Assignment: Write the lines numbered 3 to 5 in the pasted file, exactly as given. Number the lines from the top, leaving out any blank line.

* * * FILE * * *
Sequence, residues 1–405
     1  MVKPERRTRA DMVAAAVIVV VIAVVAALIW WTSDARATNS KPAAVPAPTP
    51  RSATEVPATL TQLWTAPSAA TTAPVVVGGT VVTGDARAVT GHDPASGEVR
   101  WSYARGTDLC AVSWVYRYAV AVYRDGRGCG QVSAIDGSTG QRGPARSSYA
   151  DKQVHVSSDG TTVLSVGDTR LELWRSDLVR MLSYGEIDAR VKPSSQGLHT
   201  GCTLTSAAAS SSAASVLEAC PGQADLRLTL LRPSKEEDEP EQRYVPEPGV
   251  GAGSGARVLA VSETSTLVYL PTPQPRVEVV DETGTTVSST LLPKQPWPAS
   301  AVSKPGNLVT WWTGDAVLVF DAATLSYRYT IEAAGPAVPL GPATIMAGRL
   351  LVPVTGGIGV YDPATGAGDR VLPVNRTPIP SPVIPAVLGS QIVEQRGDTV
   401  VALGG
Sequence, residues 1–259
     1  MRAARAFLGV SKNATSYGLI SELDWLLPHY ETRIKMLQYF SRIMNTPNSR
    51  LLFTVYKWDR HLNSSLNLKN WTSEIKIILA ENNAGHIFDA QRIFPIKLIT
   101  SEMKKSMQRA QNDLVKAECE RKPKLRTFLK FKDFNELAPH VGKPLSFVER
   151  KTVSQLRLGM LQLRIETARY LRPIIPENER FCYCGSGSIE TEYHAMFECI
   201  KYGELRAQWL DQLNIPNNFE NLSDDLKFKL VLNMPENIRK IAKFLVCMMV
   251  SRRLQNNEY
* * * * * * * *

    51  RSATEVPATL TQLWTAPSAA TTAPVVVGGT VVTGDARAVT GHDPASGEVR
   101  WSYARGTDLC AVSWVYRYAV AVYRDGRGCG QVSAIDGSTG QRGPARSSYA
   151  DKQVHVSSDG TTVLSVGDTR LELWRSDLVR MLSYGEIDAR VKPSSQGLHT